Presently most of the broadcast infrastructure uses MPEG-2 as the compression algorithm of choice.

This may change as better algorithms become available. By having a the tiled video [FIG. 3] encoded as a MPEG-2 stream, allows all the infrastructure that supports MPEG-2 to be used for compression, storage, recording, archiving, transmission, reception, and decompression, to be used unaltered.

The tiled video, after it is decompressed into a single stream of tiled video [FIG. 3], needs to be decoded back into dual streams of video [FIG. 1,2] just prior to viewing on a display device, such as a TV, projector, or computer monitor.

This can be performed in a set-top-box in a consumer application, a media player, a PC, or other dedicated decoding device.

This display device may have one or more capabilities to present to the viewer, several modes which are possible, and described in this invention as “2D Mode”, “Dual-View” mode, “Pan-and-Scan Mode”, and “Stereoscopic 3D Mode”

“2D Mode” is a mode that displays a single stream of decoded video. Either [FIG. 1] or [FIG. 2] just like regular 2D Video. The decoder presents to the display just one fixed source of video.

“Dual-View Mode” is a mode that allows the viewer to select one of the two sources from the decoder, just like an A/B switch selecting a source of either [FIG. 1] or [FIG. 2]. The input to the display can multiplex from one source to the other. The viewer can manually select, from two camera views that have been encoded, for example.

“Pan-and-Scan Mode” is a mode in which the source material of the encoded tiled frame contains video imagery that has been “stitched” together either horizontally or vertically, to create a panoramic view. This can be done by capturing from two adjacent video cameras, with each having a field of view with a common side, such that when “stitched” together would create a panoramic view either horizontally or vertically. The viewer can adjust a sliding “window” to view any portion of the panorama in full screen.

This windowing needs to be performed by the decoder, by shifting the pixel column or row starting address of the memory being read, and displayed on the display device.

“Stereoscopic 3D Mode” is a mode that displays the two video sources [FIG. 1,2] and normally requires the tiled video stream [FIG. 3] to contain “left-eye” and “right-eye” camera views. The display device will display Stereoscopic 3D, in any of the 3D formats the display device can support, such as anaglyph, polarized, or field interleaved.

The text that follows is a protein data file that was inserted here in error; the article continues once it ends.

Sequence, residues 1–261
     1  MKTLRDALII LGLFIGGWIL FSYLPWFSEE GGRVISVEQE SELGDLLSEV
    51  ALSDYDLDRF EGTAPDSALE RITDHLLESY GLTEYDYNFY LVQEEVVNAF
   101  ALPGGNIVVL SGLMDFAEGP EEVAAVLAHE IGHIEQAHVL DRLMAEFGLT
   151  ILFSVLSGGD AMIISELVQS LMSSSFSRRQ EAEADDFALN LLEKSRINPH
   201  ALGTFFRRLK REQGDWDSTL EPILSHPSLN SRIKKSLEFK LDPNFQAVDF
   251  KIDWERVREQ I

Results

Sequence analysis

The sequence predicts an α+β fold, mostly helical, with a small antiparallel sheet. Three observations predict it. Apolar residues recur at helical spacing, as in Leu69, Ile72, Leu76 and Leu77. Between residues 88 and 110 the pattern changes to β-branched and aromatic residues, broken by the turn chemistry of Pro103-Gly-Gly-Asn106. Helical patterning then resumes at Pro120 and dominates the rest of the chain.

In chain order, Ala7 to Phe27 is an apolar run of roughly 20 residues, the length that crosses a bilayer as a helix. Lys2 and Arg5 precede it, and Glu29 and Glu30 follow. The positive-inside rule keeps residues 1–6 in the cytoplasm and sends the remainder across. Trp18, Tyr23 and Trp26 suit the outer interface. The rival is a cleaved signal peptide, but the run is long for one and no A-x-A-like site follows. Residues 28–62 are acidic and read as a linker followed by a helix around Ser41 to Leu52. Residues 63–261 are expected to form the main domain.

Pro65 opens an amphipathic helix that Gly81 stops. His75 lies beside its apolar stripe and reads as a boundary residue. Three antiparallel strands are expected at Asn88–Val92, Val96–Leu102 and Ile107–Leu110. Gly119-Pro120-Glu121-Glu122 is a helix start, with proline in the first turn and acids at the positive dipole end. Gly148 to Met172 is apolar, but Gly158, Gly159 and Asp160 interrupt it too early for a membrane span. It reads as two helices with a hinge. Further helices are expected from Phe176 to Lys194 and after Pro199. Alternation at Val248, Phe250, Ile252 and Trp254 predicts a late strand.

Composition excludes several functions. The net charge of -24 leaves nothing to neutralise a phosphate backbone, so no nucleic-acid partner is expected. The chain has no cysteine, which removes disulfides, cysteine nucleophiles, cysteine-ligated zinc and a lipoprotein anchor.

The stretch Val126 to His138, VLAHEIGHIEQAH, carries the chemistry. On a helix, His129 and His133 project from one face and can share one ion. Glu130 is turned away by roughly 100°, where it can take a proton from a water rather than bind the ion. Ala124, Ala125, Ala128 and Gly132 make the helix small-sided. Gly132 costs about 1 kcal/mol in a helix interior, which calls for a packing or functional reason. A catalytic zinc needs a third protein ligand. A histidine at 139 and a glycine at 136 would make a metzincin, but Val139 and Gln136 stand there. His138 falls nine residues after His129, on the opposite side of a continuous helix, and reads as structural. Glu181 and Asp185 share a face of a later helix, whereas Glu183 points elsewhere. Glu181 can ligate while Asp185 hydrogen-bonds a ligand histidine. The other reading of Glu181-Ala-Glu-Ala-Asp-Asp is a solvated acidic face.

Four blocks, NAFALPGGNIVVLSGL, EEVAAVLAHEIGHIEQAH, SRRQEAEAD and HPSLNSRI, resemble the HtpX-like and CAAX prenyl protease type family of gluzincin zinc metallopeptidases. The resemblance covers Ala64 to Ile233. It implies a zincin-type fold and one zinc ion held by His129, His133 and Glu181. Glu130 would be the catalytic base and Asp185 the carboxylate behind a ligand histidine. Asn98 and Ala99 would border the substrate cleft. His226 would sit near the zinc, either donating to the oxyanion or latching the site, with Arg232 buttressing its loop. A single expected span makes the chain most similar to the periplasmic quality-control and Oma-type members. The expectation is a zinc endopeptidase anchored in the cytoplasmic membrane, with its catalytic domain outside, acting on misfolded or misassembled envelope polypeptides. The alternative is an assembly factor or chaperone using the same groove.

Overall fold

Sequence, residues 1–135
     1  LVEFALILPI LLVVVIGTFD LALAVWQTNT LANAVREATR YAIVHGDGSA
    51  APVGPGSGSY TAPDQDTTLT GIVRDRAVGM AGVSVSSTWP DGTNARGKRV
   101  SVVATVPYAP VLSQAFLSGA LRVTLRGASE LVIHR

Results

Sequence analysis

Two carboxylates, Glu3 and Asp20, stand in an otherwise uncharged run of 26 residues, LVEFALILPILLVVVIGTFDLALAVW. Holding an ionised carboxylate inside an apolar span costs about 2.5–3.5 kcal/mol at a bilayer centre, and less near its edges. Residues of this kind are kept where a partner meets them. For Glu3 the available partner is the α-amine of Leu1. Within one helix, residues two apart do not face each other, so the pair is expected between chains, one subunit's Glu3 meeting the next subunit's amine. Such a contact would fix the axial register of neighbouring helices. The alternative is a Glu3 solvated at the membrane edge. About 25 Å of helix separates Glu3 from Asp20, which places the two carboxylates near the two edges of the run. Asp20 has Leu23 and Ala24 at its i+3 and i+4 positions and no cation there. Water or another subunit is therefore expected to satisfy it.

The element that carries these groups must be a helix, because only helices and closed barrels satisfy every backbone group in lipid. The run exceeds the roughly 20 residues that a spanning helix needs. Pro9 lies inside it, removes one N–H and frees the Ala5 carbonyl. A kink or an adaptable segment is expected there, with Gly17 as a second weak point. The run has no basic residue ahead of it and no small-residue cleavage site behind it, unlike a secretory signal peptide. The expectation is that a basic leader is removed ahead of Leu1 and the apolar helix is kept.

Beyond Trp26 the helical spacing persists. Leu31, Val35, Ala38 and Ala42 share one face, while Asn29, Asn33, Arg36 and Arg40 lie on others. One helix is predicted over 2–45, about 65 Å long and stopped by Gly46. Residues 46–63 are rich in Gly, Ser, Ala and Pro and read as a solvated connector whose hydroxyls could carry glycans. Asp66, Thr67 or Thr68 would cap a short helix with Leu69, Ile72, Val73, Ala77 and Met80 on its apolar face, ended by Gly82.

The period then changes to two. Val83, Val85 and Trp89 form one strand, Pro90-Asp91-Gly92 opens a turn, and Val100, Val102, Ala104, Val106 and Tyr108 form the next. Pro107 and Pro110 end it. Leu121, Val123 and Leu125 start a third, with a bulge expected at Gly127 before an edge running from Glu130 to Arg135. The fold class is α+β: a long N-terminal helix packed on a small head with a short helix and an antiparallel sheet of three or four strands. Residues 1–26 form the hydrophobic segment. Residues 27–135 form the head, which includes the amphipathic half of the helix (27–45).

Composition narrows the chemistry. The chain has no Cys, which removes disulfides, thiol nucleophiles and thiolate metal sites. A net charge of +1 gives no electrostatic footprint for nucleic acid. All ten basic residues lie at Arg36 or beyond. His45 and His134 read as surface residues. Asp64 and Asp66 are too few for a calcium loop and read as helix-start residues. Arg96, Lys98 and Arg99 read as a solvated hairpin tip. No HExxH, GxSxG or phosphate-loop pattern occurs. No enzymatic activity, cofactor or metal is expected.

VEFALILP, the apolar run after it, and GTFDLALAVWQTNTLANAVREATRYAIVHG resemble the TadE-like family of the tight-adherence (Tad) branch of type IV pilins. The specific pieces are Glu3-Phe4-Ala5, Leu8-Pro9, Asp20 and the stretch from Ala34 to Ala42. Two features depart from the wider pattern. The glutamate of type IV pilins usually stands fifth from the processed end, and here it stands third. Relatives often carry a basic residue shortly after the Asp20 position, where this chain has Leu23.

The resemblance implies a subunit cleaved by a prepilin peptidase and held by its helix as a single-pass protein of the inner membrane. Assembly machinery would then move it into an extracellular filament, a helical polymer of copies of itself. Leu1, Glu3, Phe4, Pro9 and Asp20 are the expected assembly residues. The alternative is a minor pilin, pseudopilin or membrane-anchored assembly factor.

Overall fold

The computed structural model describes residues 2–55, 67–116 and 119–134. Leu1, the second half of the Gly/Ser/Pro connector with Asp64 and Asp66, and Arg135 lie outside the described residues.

The viewer also has the choice to view the Stereoscopic video content in 2D, by selecting “Dual-View Mode” and manually choosing “left-eye” view [FIG. 1], or “right-eye” view [FIG. 2]

The display, if it has the capability to convert dual streams to anaglyph 3D, by the standard mathematical process, in prior art, the viewer will be capable to view anaglyph 3D, using colorized glasses.

The source material for each eye may also be encoded such that it is already in anaglyph format, in which case the TV will display the summation of the colorized “left-eye” view [FIG. 1] and “right-eye” view [FIG. 2]. The viewer will be capable to view anaglyph 3D, using colorized glasses.

The source material for each eye may also be encoded such that it is already in anaglyph format, in which case the TV will display the summation of the uncolorized 2D normal view [FIG. 1] and the combined colorized “right-eye” and “left-eye” views [FIG. 2]. The viewer will be capable of watching the content in a 2D mode without glasses, or to view anaglyph 3D, using colorized glasses.

If the TV is capable of generating polarized Stereoscopic 3D, from a dual stream of video, then the viewer will be capable of viewing Stereoscopic 3D using polarized glasses.

If the TV is capable of generating field-interleaved Stereoscopic 3D, from a dual stream of video, then the viewer will be capable of viewing Stereoscopic 3D using shutter glasses.

As can be seen from this invention, the capabilities enabled by having a source of dual streams of video presented to the display device, creates an enhanced viewing experience.

The many features and advantages of the invention are apparent from the detailed specification, and thus, it is intended by the appended claims to cover all such features and advantages of the invention which fall within the true spirit and scope of the invention. Further, since numerous modifications and variations will readily occur to those skilled in the art, it is not desired to limit the invention to the exact construction and operation illustrated and described, and accordingly, all suitable modifications and equivalents may be resorted to, falling within the scope of the invention.